The cemented carbide base body 1 is first cleaned and then carburized in order to enrich the surface with carbon. The parts of the base body which are not to be coated may be masked during the carburizing process. The cemented carbide body is then annealed at 850° to 1200°C in a gas mixture consisting of hydrogen, titanium tetrachloride, methane and some nitrogen. The gas mixture reacts at the surface of the cemented carbide and a titanium carbonitride with high carbon content is deposited. After 5 to 20 minutes, the methane supply is gradually reduced, and that of nitrogen increased. The parts are then coated for another 20 to 60 minutes with a gas mixture consisting of titanium tetrachloride, hydrogen and nitrogen, with pure titanium nitride being deposited.
Metallographic examination of such coatings shows that, depending on the conditions (temperature, time and gas composition), the coatings consist of a 0.5 to 3 μ thick layer of carbon-rich titanium carbonitride, with a gradual transition to a 3 to 20 μ thick nitrogen-rich titanium nitride layer. Since titanium carbide and titanium nitride are miscible in all proportions, sharp phase boundaries are not present in the coating. The invention may be applied to all types of rolls. Simultaneously with the hard materials, additions of soft binder metal, for example up to 20% of at least one member of the group consisting of iron, cobalt and nickel may be applied; and other processes for applying the coating may be used, such as sputtering.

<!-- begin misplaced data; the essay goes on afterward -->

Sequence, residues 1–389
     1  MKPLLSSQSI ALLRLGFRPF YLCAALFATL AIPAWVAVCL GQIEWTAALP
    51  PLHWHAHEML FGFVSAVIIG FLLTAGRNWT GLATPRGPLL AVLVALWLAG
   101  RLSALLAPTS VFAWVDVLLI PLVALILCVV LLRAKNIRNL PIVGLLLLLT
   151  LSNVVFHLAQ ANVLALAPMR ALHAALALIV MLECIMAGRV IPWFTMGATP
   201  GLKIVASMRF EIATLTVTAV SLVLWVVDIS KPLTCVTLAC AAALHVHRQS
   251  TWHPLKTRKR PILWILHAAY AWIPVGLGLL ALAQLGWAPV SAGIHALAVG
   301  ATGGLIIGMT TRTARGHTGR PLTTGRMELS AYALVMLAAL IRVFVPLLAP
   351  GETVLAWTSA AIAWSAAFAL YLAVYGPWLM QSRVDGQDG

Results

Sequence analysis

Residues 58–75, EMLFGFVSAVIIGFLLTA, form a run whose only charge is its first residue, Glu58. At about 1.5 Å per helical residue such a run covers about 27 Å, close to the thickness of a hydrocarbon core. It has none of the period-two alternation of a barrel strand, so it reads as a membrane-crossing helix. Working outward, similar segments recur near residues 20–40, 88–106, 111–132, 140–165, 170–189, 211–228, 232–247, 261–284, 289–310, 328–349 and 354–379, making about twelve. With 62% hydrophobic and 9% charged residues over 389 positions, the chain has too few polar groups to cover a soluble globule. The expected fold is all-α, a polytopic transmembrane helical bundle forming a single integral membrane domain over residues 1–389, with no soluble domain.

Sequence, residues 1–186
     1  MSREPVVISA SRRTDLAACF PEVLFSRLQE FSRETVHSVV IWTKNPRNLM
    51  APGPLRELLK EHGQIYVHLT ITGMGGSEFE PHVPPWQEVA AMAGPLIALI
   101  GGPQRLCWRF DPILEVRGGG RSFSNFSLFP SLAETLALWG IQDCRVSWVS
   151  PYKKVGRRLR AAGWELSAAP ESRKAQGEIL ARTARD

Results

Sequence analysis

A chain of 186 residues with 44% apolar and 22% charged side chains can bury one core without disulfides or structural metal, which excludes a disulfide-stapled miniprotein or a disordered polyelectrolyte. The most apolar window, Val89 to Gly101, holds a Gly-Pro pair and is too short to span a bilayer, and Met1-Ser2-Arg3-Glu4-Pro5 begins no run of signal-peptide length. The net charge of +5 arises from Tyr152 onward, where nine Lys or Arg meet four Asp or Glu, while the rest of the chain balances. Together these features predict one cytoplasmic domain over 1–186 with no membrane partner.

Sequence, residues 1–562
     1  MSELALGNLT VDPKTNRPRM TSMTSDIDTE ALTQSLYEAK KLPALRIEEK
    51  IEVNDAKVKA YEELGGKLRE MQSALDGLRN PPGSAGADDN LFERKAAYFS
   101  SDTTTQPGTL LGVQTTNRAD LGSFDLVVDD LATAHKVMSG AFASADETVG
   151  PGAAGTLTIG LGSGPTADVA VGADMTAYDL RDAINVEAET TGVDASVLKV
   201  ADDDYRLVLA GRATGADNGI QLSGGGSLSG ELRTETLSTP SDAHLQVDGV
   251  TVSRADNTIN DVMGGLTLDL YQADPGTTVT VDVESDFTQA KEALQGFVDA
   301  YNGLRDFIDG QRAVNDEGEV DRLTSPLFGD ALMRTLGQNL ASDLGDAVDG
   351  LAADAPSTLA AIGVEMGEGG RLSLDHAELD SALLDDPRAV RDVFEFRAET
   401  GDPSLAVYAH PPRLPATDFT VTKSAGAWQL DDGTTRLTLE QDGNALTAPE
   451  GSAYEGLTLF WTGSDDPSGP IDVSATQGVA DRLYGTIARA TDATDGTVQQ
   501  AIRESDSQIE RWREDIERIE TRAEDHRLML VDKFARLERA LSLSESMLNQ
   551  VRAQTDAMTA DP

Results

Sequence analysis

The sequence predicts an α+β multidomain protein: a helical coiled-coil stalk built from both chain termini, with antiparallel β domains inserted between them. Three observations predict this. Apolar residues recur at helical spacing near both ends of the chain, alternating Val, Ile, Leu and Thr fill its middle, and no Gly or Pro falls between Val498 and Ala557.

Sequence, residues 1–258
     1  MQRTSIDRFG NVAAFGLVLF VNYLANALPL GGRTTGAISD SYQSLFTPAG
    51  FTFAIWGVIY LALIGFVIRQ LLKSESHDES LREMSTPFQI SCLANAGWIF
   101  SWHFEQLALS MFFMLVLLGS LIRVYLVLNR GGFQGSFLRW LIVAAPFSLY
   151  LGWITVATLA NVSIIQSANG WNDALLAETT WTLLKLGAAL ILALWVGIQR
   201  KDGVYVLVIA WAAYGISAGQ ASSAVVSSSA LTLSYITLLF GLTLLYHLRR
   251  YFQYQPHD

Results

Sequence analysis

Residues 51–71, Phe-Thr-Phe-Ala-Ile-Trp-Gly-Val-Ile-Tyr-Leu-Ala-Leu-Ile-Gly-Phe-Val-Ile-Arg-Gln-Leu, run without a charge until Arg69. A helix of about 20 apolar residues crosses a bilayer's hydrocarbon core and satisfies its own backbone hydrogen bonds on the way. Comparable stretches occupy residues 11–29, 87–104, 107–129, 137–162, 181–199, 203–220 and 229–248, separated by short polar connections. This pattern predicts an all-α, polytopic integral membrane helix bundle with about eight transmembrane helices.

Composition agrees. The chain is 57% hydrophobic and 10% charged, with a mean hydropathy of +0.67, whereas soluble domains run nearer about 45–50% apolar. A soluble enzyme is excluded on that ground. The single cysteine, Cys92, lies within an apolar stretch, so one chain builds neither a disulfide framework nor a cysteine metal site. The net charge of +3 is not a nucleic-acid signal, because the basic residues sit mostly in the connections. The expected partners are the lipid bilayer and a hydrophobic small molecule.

|Cited Patent||Filing date||Publication date||Applicant||Title|
|US3609849 *||Apr 9, 1969||Oct 5, 1971||Krol Jan M||Forming rolls|
|US3772749 *||Mar 31, 1972||Nov 20, 1973||Fagersta Bruks Ab||Composite wheel|
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|US3847763 *||Jan 23, 1973||Nov 12, 1974||Sandvik Ab||Method of reducing wear of a cemented carbide roll|
|Citing Patent||Filing date||Publication date||Applicant||Title|
|US4056873 *||Dec 13, 1976||Nov 8, 1977||Ugine Carbone||Composite guide roller for a rolling mill|
|US4064608 *||Sep 30, 1976||Dec 27, 1977||Eutectic Corporation||Composite cast iron drier roll|
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|US4106319 *||Mar 11, 1977||Aug 15, 1978||Southwire Company||Apparatus for hot-rolling non-ferrous metals|
|US4193823 *||Dec 21, 1977||Mar 18, 1980||Southwire Company||Rolls for hot-rolling non-ferrous metals and method of making|
|US4537127 *||Sep 12, 1984||Aug 27, 1985||Rockwell International Corporation||Black oxide lithographic ink metering roller|
|US4796342 *||Aug 17, 1987||Jan 10, 1989||Valmet Oy||Press roll for paper making machines|
|US4866968 *||Jun 17, 1987||Sep 19, 1989||Westinghouse Electric Corp.||High strength cemented carbide dies and mandrels for a pilgering machine|
|US4876875 *||Dec 4, 1987||Oct 31, 1989||Coors Porcelain Company||Supported ceramic guide roller|
|US6513699||Jan 30, 2001||Feb 4, 2003||Nexans||Process for the production of metal pipes|
|EP0100380A1 *||Jul 30, 1982||Feb 15, 1984||Sumitomo Electric Industries Limited||Method for plastic deformation of non-ferrous metals|
|EP1121991A1 *||Feb 1, 2000||Aug 8, 2001||Nexans||Method for manufacturing metal pipes|
|WO2000048757A1 *||Feb 14, 2000||Aug 24, 2000||Morgan Construction Company||Wear resistant taper sleeve|
|U.S. Classification||492/3, 427/402|
|International Classification||B21B27/00, C23C16/30, B21B27/03, C23C16/36|
|Cooperative Classification||C23C16/30, B21B27/00, B21B27/03, C23C16/36|
|European Classification||B21B27/00, C23C16/36, C23C16/30|
|Dec 2, 1991||AS||Assignment|
Owner name: SCHWARZKOPF TECHNOLOGIES CORPORATION, A CORP. OF M
Free format text: CHANGE OF NAME;ASSIGNOR:SCHWARZKOPF DEVELOPMENT CORPORATION, A CORP. OF MD;REEL/FRAME:005931/0448
Effective date: 19910517